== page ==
A graduate of York’s popular Concurrent Visual Art and Education program Betty Zhang is living her best life. After two years of teaching and travelling in Europe, she’s returned to Toronto and supply teaching while pursuing her Masters of Professional Education online at Western University. Her thesis continues to develop a concept she came up with at York and has tested in a number of classrooms since: using visual arts to teach math and vice versa.
Betty’s path perfectly demonstrates the concept of return on investment. The amount of effort she put into her education shows when she talks about what she got out of it. By being thoughtful with her course work she found personal angles within assignments (for example, instead of writing an essay on the Bauhaus movement, she explored the Bauhaus impact on art education). She also realized early on the benefits of picking an overarching creative theme to her coursework that she could explore across different classes.
Betty volunteered at heaps of clubs in her first and second year, working alongside senior students was an education in itself. “It was intimidating at first, they had a totally different vocabulary and were very knowledgeable when talking about art. I remember feeling like a child! But as I continued to listen, I started to learn more and more. I would recommend it to all new students – get to know the students who are involved in the student associations and those who are always hanging out in the studio. That’s really when you become an art student, when you live and breathe art so much it becomes your life.”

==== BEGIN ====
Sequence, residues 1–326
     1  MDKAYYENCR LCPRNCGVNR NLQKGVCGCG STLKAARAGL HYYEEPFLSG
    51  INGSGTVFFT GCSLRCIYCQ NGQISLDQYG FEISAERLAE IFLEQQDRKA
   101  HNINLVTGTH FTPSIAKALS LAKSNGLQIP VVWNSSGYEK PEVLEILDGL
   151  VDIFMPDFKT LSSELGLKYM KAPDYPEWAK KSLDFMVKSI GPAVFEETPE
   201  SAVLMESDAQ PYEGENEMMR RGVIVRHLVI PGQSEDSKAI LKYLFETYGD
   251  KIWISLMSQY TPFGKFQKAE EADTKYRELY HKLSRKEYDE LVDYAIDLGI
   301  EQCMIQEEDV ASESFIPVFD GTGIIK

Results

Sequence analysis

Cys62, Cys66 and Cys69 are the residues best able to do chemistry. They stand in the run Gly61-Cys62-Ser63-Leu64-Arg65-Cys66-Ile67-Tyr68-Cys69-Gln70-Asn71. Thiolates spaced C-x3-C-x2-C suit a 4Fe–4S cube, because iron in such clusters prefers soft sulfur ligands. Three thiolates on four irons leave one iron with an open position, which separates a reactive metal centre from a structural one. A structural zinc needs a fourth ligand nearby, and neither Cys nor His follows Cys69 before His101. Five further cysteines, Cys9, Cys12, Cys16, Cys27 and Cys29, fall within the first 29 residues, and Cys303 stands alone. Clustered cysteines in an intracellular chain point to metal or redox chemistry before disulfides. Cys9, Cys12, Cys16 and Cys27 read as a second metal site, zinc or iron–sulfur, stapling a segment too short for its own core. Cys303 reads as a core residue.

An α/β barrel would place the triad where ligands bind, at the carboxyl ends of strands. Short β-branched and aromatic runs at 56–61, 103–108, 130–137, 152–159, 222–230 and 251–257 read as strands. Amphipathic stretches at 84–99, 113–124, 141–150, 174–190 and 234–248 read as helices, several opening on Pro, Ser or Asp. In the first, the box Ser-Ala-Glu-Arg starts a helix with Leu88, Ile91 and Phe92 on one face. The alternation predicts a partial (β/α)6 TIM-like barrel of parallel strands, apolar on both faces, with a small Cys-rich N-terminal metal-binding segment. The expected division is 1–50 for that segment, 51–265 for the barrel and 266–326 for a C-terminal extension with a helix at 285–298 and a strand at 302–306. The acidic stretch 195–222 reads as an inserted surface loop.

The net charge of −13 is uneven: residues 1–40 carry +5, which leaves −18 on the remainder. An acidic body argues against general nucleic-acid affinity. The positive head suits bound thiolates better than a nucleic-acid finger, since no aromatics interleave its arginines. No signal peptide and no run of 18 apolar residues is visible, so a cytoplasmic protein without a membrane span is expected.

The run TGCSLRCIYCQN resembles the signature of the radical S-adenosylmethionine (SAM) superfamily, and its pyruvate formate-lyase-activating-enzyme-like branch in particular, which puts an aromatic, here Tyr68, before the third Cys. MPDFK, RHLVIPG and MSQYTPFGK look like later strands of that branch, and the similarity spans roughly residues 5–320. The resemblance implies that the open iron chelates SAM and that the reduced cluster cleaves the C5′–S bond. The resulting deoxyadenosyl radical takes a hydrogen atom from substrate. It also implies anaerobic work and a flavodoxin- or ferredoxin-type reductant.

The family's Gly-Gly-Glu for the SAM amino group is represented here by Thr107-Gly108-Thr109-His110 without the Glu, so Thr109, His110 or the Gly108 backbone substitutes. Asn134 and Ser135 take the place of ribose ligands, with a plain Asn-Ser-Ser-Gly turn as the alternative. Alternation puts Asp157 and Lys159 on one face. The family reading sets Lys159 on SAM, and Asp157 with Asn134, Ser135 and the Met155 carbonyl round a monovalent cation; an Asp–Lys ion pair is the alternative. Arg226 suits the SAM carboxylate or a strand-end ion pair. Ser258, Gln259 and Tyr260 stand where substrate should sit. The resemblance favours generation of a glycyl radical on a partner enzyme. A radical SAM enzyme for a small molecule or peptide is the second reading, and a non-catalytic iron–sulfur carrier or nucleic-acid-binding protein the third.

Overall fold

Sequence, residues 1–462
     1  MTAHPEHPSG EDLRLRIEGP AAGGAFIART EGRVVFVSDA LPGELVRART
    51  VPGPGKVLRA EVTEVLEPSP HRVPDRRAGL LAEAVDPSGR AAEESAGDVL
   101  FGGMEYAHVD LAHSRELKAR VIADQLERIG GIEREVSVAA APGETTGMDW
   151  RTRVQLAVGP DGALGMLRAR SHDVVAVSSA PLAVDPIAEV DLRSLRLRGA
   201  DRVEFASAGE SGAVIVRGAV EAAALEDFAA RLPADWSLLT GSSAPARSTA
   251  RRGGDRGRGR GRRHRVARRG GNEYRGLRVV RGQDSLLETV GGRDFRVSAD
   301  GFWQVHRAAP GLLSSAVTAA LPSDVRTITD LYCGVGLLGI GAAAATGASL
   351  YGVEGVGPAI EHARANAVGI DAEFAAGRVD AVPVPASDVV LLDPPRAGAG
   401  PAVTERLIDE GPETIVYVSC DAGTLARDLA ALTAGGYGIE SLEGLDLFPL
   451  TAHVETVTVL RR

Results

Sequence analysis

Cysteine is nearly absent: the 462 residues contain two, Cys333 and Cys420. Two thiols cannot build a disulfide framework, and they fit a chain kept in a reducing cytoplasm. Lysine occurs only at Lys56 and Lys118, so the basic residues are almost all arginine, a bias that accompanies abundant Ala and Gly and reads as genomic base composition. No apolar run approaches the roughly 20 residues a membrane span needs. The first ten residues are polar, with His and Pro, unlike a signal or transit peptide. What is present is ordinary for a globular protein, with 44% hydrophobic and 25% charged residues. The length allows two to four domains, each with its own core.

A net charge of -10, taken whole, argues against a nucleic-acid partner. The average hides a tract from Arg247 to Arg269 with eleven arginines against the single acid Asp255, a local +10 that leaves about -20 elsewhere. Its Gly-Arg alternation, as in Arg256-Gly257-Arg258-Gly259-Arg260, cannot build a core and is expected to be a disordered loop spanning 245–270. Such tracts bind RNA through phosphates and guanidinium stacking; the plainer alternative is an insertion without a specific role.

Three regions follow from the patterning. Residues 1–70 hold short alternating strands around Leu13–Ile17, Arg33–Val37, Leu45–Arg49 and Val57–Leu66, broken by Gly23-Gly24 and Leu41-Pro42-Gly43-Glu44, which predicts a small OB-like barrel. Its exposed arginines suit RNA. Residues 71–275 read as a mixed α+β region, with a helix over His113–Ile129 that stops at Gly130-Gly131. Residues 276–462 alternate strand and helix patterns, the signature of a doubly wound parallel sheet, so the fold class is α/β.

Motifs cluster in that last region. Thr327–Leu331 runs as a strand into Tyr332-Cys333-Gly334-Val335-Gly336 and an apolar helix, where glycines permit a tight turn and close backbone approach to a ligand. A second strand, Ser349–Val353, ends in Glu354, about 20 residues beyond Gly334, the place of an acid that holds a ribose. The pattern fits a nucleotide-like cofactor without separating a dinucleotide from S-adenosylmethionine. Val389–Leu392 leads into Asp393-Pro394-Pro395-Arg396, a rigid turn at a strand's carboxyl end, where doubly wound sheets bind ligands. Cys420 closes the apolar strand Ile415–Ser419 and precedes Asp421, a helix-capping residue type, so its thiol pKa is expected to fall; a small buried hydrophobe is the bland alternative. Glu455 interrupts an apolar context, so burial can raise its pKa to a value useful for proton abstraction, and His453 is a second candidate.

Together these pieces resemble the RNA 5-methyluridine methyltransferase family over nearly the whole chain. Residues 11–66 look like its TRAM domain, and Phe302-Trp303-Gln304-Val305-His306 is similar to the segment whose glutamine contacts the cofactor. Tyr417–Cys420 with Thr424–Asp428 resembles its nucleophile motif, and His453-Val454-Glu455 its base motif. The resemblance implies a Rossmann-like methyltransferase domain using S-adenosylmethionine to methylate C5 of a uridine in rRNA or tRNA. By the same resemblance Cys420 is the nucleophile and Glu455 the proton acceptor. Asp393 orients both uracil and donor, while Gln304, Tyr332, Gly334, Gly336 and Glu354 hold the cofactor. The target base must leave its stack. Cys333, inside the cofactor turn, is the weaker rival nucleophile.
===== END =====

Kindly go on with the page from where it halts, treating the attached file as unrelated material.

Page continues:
In her upper years, Betty took on more responsibility in the clubs that she felt the most connected to. From Co-President of the Visual Art Student Association (VASA) to Vice President of Finance for the Creative Arts Student Association (CASA) and Curator of the Eleanor Winters Art Gallery (EWAG), she learned critical soft skills like leadership, and negotiation plus got lots of hands on experience with event planning and professional level book keeping.
To help make time for all this activity and networking she lived on campus in residence all five years of her degree. “It saved me so much time and energy not needing to commute. It felt easier to say yes to different opportunities on campus knowing it would only take me minutes to walk home afterwards.”
In her third year she felt like her interests in education, art and math were pulling her apart. She wanted to feel like she could progress and move forward equally and together instead of dividing up her time. She started experimenting in her art to integrate the three. For an art critique in her third year, she essentially taught a math class to her fellow art students. In her final Education practicum during her fifth year, she taught Grade 11 and 12 math and had a number of assignments infused with different strands of visual arts (sculpture, design, and so on). “One of the things I enjoyed about art school was having room to express myself. I wanted to replace some math tests with open-ended inquiry driven assignments that have more than one correct answer to the questions.”
After graduating she landed a job teaching math in the UK. She took advantage of being across the pond to travel all over Europe and to visit all the art galleries she had learned about in art history classes.
Now she’s back in Ontario supply teaching for the Toronto District School Board and continuing trailblazing in her creative visual way of teaching math through pursuing her Masters of Professional Education online at Western University.
“I believe the fundamental beauty of these two subjects is not to learn how to draw a perfect portrait or how to differentiate an equation, but to learn how to think creatively through solving mathematical and artistic problems.”